Tuesday, March 20, 2012


Parking lot in Crestwood, New York, 2006 © Amber Iragui

 words in white 
words in white

It’s something they carry with them
                      – explorers  night shifts  seamen –
like a good pair of binoculars
or a camera case
                perfectly and deeply compartmented.
It has a quiet patina
that both absorbs and reflects
                           like a valuable instrument
                                                you have to sign for
 – contract with alone –
                     and at the end of the voyage
                                                          you get to keep.
Sometimes it’s very far away.
Sometimes so close
               at first you think the person next to you
is picking up  putting down
                                 a personal cup
                                    a book in another language
before you realise what
– when talk has moved off
                               leaning its arms
                                       on someone else’s table –
is being
handed to you.

by Caroline Caddy

•    •    •    •    •    •    •    •    •    •    •    •    •    •    •    •    •    •    •    •    •    •    •    •    •    •    •    •    •    •    •    •    •    •    •    •

I am reading another book about introversion, this time Susan Cain's Quiet: The Power of Introverts in a World that Can't Stop Talking. Well, I just started it last night and I'm only through the Introduction. However, I am already engrossed. On our way home after dinner last night, riding the subway up the West Side, I felt compelled to pull it out and read instead of chatting with my husband. I hate chatting on the subway. Which is just another way I am an introvert, I'd much rather read or silently people watch.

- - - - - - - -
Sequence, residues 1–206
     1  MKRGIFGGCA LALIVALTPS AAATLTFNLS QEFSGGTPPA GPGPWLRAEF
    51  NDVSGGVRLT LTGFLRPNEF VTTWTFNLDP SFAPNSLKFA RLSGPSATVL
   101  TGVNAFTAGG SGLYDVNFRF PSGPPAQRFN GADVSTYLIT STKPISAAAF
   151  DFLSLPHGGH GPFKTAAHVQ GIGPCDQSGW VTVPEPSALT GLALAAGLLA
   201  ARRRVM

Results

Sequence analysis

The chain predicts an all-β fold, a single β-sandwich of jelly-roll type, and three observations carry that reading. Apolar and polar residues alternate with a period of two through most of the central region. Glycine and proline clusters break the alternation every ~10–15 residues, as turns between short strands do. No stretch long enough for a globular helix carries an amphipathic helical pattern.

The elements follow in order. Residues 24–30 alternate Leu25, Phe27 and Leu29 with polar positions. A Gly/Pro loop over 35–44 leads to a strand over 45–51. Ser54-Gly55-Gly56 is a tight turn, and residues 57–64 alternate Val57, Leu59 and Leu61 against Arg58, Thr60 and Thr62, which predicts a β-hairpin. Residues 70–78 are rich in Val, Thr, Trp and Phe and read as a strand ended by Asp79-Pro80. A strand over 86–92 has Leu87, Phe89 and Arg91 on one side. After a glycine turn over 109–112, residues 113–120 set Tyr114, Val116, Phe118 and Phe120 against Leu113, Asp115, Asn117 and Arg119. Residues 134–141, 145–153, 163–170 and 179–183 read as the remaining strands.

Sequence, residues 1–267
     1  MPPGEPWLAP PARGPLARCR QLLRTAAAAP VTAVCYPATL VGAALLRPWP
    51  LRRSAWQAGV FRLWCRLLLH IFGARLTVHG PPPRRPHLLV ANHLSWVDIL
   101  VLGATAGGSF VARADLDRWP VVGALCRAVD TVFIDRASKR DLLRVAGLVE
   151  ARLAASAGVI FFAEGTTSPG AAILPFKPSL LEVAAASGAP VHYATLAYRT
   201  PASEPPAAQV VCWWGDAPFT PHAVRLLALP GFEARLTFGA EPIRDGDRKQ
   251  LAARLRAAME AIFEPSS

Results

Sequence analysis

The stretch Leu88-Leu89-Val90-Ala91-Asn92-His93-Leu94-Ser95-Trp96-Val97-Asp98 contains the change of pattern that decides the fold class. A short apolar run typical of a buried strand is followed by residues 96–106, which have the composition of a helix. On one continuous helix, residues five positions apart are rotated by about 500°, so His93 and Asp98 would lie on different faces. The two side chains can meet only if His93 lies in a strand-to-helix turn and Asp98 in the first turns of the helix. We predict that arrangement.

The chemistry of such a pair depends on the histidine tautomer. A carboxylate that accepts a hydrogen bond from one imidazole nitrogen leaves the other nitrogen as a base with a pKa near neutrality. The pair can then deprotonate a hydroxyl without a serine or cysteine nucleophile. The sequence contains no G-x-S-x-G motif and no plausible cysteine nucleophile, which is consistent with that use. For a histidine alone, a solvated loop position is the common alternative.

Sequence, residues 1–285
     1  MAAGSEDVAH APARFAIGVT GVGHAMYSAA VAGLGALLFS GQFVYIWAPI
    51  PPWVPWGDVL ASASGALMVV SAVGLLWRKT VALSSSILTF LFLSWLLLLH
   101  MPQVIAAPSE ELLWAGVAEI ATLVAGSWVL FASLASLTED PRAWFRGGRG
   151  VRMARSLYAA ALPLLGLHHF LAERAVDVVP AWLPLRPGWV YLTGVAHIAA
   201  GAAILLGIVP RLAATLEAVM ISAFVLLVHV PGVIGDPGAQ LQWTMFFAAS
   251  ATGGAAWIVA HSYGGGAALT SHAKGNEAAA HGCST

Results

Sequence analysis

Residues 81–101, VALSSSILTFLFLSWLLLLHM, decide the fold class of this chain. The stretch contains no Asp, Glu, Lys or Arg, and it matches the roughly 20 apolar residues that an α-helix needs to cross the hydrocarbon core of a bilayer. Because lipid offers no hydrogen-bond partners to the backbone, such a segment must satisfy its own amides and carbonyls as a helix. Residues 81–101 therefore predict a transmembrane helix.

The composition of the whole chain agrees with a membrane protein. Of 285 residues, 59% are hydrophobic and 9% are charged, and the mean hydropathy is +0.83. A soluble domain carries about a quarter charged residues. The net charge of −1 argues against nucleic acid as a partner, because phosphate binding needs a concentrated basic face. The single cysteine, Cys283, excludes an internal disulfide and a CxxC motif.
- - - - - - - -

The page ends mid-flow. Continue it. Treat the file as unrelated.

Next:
One thing that comes up over and over in the literature about introverts is stimulation. Introverts are generally more sensitive to stimulation, and people are very stimulating. Lots of people are definitely over-stimulating. Having to make small talk with lots of people, wheeeeeew. 

I am easily over-stimulated. I don't like taking my kids to the playground, for example. It's a chore to have to interact with all the other moms and dads, make small talk while keeping an eye on Ike and Genevieve. I usually take my kids for a walk in the park instead. I'm thrilled if I run into another mom I know and we can chat while walking. But that free-floating sort of interaction with a bunch of vaguely familiar faces, bleech. 

And, although this is nothing special, I hate television. I really hate it, I've always hated it. It's overstimulating: so many people, so many annoying, annoying people. People I Don't Know. On every channel. So many heart breaks, confrontations, absurd expectations, bad choices, ruthless killings, idiotic jokes, car wrecks, prostitutes and terrorists. Just one of those is enough fodder for me to think over for a week, or a month, maybe a lifetime. Why in the world would I bring a stream of them into my home? I don't walk through Times Square, or read newspapers or online news, for the same reason. All I need is a headline or news photo, and perhaps one carefully chosen article about art or psychology, per week. That is plenty. (Times Square: once every ten years? or maybe never again?) But I'll read your blog if you're Julia or Jenny (if she ever posts again), or other normal imperfect moms or thoughtful reflective people. I am not big on blogs that advertise the author's life as if she were, well, auditioning for a position as Domestic Goddess (we all know the reality behind that, and reality is so much more interesting). However I will read your blog if you post helpful sewing tutorials with lots of photos or free patterns. And very easy crock pot recipes.

Being an introvert for me is not wanting to be alone all the time, it's wanting the company of one or two other people I like. I am happy this way, I feel connected, settled, needed, generous. As I write this, I again wish that my dearest friends did not all live so far away!